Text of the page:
Parkland school shooting

‘This Kind of Pain Will Last Forever': More Parkland Victims' Families Speak at Shooter's Sentencing

More grieving family members tell jurors about the impact the MSD massacre has had on their lives.

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There were tears on the witness stand. There were tears in the jury box. There were tears from families in the courtroom. There were even tears from defense attorneys.

But notably, there were no tears shed by the defendant in the Parkland school shooting, Tuesday.

Broward circuit Judge Elizabeth Scherer called for a couple of mid-afternoon recesses so people could compose themselves.

For the second day in a row, jurors heard the horrors that family members have endured after losing loved ones.

Alyssa Alhadeff’s parents – Broward School Board member Lori Alhadeff and father, Dr. Ilan Alhadeff – fought through tears with trembling voices to recall the good times with their daughter and the hell they have lived with since her death on Feb. 14, 2018.

“Inside, I burn like a damn inferno,” said Dr. Alhadeff.

“She had this infectious laugh that now I only get to watch on TikTok videos,” he added.  

“This is not normal!” he shouted.

His wife Lori noted there was no word in the English language for a parent who outlives a child.

“Alyssa was my only daughter, my best friend and love of my life,” she said. “[She was the] heartbeat of our family.”

Alyssa’s grandmother took the witness stand to speak of the moments she shared before the 14-year-old was killed.

Theresa Robinovitz remembered hearing about the soccer game that team captain Alyssa played the night before she was murdered.

Ilan Marc Alhadeff is the father of Alyssa Alhadeff, who was killed in the 2018 mass shooting at Marjory Stoneman Douglas

“[My daughter Lori] shared with me afterwards that after that game she told Alyssa, she played the best game of her life,” Robinovitz said. “Alyssa’s response was, ‘I know Mom.'"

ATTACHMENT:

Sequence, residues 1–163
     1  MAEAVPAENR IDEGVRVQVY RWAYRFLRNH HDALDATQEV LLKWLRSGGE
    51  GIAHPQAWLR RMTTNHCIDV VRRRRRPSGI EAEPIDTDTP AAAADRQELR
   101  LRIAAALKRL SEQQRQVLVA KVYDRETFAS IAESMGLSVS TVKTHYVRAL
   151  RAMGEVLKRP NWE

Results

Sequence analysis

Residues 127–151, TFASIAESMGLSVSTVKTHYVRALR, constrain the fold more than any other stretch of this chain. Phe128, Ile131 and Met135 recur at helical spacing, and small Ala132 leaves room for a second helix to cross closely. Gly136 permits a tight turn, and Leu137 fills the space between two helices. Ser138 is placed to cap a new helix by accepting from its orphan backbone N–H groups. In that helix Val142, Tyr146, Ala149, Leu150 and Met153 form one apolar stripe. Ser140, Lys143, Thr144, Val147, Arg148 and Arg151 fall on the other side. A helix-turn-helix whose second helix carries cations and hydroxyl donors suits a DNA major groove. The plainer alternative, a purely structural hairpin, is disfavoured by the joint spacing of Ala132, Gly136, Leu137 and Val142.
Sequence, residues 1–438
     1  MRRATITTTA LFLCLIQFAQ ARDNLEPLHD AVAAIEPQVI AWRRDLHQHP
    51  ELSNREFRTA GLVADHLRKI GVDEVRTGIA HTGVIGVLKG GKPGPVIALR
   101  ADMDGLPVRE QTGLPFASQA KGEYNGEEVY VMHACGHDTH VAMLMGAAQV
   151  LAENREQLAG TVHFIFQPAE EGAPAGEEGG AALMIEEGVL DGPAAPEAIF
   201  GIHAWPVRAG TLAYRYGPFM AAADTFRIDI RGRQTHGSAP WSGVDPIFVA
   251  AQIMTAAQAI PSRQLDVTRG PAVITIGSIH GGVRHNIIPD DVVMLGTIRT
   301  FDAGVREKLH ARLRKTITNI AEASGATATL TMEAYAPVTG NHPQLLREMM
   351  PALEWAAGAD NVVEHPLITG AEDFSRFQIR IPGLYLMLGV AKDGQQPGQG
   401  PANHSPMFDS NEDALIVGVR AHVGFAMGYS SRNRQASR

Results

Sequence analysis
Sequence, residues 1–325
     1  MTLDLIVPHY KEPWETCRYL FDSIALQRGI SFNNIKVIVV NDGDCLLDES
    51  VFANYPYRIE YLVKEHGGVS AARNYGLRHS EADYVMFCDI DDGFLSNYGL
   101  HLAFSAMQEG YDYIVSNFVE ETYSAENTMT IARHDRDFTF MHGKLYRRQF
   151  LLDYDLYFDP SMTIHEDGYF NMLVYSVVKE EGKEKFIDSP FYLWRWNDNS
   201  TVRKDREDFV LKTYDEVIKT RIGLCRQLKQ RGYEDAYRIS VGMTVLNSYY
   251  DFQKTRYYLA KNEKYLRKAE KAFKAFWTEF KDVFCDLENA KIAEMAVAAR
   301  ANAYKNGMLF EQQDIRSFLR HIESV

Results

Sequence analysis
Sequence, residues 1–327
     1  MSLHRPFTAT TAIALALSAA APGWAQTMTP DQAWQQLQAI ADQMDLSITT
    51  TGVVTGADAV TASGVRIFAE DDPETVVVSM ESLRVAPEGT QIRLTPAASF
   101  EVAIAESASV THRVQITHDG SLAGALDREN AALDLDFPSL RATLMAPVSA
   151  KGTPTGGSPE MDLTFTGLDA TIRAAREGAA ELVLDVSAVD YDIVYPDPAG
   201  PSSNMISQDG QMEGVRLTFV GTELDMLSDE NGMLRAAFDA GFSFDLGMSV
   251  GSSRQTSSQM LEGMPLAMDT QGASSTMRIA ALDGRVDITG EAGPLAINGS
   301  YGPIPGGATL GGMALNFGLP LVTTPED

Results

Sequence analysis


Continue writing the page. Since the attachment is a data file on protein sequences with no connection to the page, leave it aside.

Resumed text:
Robinovitz admitted she’s needed therapy and medication since her granddaughter’s death.

“The celebration of love on the national holiday of Valentine’s Day has only brought me back sorrow and memories of that tragic day,” she said.

Nicholas Dworet’s mother – Annika, with Nick’s father Mitchell Dworet by her side for support – talked about Nick’s dreams as captain of the swim team at Marjory Stoneman Douglas High School.

There was a note taped to the wall next to his bed that read: “I want to be a Swedish Olympian and go to Tokyo 2020 to compete for my country. I will train as hard as I can in and out of the water. Even on my hardest days, I swear to give it my all and I will let nothing stand in my way. Train harder.”

“Now we will never know if he had reached his goal to go to the Olympics,” Annika Dworet said. “Our hearts will always be broken."

Luke Hoyer’s parents and sister were the first to speak after the lunch break.

Mother Gina Hoyer said she is in agony and physically ill, but wears “Lukey Bear’s” cherished Christian cross with the hope it will give her comfort and the strength to cope.

“I pray each night and tell God to tell [Luke] how much I miss him and give him a hug and kiss for me,” she said.

Father Tom Hoyer said Luke was an unexpected addition to the family whose absence he still can't fathom.

“Luke was a surprise baby,” he said. “A wonderful, glorious surprise.”

Fred and Jennifer Guttenberg said the death of 14-year-old daughter Jaime has strained the family unit.

"I've never said this before," Fred Guttenberg admitted, choking back his emotions. "But, my son [Jesse] wishes it was him [who was killed]."

NBC 6's Julia Bagg has more from Day 10 of the trial in a Broward County courthouse.

"He has survivor’s guilt," said mother Jennifer Guttenberg. "He fears losing his family and will never be the same."

Jurors also heard from Shara Kaplan, the mother of victim Meadow Pollack, and representatives for the families of student victims Martin Duque and Carmen Schentrup, and teacher Aaron Feis.

Ten family members spoke, Tuesday, and three friends appeared on behalf of families that were too emotional to speak about their loss.

Tuesday’s testimony began with a Broward Sheriff’s Office crime lab ballistics expert doing a show-and-tell with the weapon and ammunition Nikolas Cruz used on the day he admitted to killing 17 and wounding 17 more.

The jury will have to decide whether Cruz is executed or is sentenced to life without parole. For him to get the death penalty, the jury must be unanimous.

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